Introduction: Make a Wind-controlled MIDI Instrument
This project was submitted to 'Creative Electronics', a BEng Electronics Engineering 4th year module at the University of Málaga, School of Telecommunications.
The original idea was born long ago, because my mate, Alejandro, has spent more than a half of his life playing the flute. Thus, he found appealing the idea of an electronic wind instrument. So this is the product of our cooperation; the main focus of this approach was to obtain an aesthetically sober construction, similar to that of a bass clarinet.
- An Arduino board (we used the SAV MAKER I, based on Arduino Leonardo).
- An air pressure sensor, the MP3V5010.
- A strain gauge, the FSR07.
- Resistors: 11 of 4K7, 1 of 3K9, 1 of 470K, 1 of 2M2, 1 of 100K.
- One potentiometer of 200K.
- One ceramic capacitor of 33pF.
- Two electrolic capacitors of 10uF and 22uF.
- One LM2940.
- One LP2950.
- One LM324.
- One MCP23016.
- One perforated board of 30x20 holes.
- 30 pin headers, both female and male (one gender for the Arduino, the other one for the cape).
- One pair of HD15 connectors, both male and female (with solder cups).
- Borrow a friend's heat-shrink tube and isolating tape. Black preferred.
- Two 18650 Li-ion batteries and their battery holder.
- A switch.
- An Arduino USB cable.
- At least, 11 buttons, if you want a quality feel, do not use ours.
- Some kind of enclosure or case. A wooden plank of about one square metre would suffice.
- Half a metre of PVC tubing, 32mm external.
- 67 degrees PVC joint for the previous tube.
- One PVC reduction from 40mm to 32mm (external).
- One PVC reduction from 25mm to 20mm (external).
- An empty bottle of Betadine.
- An alto saxophone mouthpiece.
- An alto saxophone reed.
- An alto saxophone ligature.
- Some foam.
- Lots of wire (audio wire recommended, as it goes in pair red-black).
- Some screws.
- Matte black spray paint.
- Matte spray lacquer.
Step 1: Body
First off, a PVC pipe was chosen to be part of the body. You can select another diameter, although we recommend an external diameter of 32mm, and a length of 40cm, as we were comfortable with these dimensions.
Once you get the pipe in your hands, place a mark layout for the buttons. This depends on the length of your fingers. Now, with the markings done, drill the corresponding hole for each button. We recommend to start with a skinny bit, and engrow the hole incrementing the diameter used for the drill. Also, using a burin before the drill may improve stability.
You should introduce four unconnected wires in order to connect later the pressure gauge and the air pressure sensor; this piece (the body) and the neck are stuck together with a 67 degrees joining pipe. This pipe was sandpapered and painted black.
In order to join this piece with the foot, we used a PVC reduction joint from 40mm to 32mm (external diameter). Four wood screws were added for strengthening the junction. Between the reduction joint and the body, we made a drill and introduced a wider screw to gain stability. We recommend to drill the tubes before the wiring; otherwise, ruin is assured.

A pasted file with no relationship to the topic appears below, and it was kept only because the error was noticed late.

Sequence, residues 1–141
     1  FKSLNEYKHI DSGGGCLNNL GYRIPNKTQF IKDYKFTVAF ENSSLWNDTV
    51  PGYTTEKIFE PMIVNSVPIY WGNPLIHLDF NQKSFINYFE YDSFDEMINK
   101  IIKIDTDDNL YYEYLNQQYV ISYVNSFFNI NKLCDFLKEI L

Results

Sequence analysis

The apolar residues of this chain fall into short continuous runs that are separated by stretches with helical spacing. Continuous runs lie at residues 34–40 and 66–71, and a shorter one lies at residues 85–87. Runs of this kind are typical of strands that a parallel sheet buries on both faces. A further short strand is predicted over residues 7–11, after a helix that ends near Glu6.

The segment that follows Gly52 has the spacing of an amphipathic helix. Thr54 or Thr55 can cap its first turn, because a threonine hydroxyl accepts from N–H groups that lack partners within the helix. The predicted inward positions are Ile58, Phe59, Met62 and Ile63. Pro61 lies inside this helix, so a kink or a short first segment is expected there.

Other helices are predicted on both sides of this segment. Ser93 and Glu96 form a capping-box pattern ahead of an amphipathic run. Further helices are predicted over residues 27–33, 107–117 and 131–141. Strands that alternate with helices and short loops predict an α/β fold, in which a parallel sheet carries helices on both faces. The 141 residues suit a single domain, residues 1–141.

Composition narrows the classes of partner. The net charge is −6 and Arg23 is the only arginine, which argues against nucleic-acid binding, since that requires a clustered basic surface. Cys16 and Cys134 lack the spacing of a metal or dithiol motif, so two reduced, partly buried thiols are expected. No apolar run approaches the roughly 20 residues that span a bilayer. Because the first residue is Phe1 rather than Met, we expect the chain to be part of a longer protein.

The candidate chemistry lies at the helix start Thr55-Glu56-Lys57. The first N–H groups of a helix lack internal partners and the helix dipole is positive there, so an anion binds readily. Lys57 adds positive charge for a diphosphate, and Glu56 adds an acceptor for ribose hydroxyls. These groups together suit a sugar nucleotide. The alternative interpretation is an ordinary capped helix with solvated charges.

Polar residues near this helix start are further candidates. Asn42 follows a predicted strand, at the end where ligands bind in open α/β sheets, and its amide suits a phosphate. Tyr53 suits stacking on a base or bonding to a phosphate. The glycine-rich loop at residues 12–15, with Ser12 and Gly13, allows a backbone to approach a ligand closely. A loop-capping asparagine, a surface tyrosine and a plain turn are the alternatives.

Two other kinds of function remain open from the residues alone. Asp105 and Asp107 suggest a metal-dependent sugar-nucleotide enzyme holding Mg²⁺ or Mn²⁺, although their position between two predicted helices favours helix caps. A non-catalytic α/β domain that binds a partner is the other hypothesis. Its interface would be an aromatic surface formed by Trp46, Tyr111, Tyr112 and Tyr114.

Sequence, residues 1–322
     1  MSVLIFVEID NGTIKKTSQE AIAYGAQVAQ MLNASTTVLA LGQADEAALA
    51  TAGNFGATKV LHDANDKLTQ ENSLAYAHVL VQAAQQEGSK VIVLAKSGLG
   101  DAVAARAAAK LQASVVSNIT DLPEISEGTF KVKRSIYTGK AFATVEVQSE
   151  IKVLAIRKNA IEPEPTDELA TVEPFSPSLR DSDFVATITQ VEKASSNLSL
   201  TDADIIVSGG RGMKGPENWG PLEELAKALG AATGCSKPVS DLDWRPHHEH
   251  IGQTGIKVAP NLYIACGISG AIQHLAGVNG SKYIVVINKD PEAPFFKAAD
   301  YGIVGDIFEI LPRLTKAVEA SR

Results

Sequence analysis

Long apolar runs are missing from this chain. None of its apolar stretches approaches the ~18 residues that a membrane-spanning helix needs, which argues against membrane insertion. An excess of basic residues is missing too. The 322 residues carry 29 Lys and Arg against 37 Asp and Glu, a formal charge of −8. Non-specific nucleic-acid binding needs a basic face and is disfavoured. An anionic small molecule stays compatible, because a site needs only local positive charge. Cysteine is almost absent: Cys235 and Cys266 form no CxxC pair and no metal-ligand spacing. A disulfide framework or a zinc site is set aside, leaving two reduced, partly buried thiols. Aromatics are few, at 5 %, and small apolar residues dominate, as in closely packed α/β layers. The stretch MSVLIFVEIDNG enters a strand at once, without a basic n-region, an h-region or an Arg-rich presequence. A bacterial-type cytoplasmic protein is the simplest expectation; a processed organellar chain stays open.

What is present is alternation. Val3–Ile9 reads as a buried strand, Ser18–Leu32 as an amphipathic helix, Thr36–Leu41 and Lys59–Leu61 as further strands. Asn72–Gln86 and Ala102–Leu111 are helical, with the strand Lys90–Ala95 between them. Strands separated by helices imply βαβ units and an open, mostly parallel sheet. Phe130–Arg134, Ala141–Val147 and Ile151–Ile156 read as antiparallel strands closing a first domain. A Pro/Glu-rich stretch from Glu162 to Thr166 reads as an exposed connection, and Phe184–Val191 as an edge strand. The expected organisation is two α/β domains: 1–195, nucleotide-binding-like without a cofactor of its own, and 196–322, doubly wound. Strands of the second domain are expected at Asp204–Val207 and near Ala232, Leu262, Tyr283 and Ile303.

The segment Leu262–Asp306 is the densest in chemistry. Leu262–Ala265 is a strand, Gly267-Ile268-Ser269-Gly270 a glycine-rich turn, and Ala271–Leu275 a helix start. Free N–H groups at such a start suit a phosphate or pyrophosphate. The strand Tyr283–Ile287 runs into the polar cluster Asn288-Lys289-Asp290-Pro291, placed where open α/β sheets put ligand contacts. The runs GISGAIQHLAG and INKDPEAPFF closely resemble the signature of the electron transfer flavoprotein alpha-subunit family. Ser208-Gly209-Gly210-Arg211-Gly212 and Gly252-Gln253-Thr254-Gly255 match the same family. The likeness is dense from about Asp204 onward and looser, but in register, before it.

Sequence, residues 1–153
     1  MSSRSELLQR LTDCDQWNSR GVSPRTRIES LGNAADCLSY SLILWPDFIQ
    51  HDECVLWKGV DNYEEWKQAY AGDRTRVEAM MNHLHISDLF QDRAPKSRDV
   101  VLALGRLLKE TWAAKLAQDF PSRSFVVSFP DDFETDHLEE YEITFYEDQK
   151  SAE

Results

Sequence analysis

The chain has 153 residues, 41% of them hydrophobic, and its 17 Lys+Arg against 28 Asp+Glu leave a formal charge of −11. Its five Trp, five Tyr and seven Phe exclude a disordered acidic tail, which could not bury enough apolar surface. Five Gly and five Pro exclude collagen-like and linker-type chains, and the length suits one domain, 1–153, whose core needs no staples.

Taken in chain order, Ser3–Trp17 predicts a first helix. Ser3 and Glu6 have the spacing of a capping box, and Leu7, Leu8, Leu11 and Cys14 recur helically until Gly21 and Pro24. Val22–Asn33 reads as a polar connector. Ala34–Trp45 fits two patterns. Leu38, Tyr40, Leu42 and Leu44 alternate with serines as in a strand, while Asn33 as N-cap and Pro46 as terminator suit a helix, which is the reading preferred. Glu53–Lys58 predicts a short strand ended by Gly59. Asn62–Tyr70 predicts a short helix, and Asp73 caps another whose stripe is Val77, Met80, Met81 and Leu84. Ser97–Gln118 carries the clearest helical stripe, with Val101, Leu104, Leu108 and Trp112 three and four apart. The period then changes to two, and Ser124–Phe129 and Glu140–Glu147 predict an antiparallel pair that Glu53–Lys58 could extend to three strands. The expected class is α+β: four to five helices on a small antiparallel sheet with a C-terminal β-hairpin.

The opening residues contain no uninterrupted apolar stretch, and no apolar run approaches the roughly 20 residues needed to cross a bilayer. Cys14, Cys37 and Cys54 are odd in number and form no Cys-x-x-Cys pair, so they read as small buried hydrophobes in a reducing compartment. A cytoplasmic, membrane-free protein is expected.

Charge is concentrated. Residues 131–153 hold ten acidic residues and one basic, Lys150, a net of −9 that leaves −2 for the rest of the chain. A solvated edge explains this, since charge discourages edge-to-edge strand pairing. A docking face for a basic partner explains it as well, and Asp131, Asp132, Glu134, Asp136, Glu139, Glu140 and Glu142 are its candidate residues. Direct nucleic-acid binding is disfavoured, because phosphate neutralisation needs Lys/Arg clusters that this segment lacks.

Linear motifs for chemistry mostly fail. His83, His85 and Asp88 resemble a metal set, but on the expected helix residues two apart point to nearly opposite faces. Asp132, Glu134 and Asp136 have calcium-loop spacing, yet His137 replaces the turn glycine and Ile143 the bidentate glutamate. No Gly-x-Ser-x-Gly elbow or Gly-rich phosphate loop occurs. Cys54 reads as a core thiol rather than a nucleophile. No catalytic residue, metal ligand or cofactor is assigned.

The next step is to solder wires to the buttons’ terminals, measuring length to bottom, and reserving an additional length for avoiding the connection to be tight. Once the pipe has been sandpapered and painted black (we used matte black spray paint; give as many layers as you want, until it looks nice under sunlight), introduce the buttons top to bottom, labelling each one of them. We recommend to use two different colours for the cables (e.g. black and red); as they are all connected to ground on one their pins, we left the black cable free, and labelled only the red cables. The buttons were covered using black isolating tape for them to match the look and fit nicely without falling down.
Solder HD15 female connector (solder cups help a lot), using the layout proposed in the diagram of step 4 (or your own one), and join the grounds together. Keep in mind that heat-shrink tubing will provide a strong reliability against short circuits.
Step 2: Foot Design
The circuit used for this design is, in its root, very simple. Two lithium batteries in series feed an LDO (low-dropout) voltage regulator, that supplies 5V from its output to the rest of the circuit. The LM324’s operational amplifiers serve the purpose of both adapting the dynamic range of the air pressure sensor (MP3V5010, 0.2 to 3.3 volts) and the behavior of the pressure gauge (negative slope variable resistor) to the analog inputs of the Arduino board (0 to 5 volts). Thus, a non-inverter of adjustable gain (1 < G < 3) is used for the first one, and a voltage divider plus a follower for the second one. These provide the adequate voltage swing. For further details about these devices, click here and there. Also, the LP2950 provides a reference for the 3.3 volts that need to be sourced to the MP3V5010.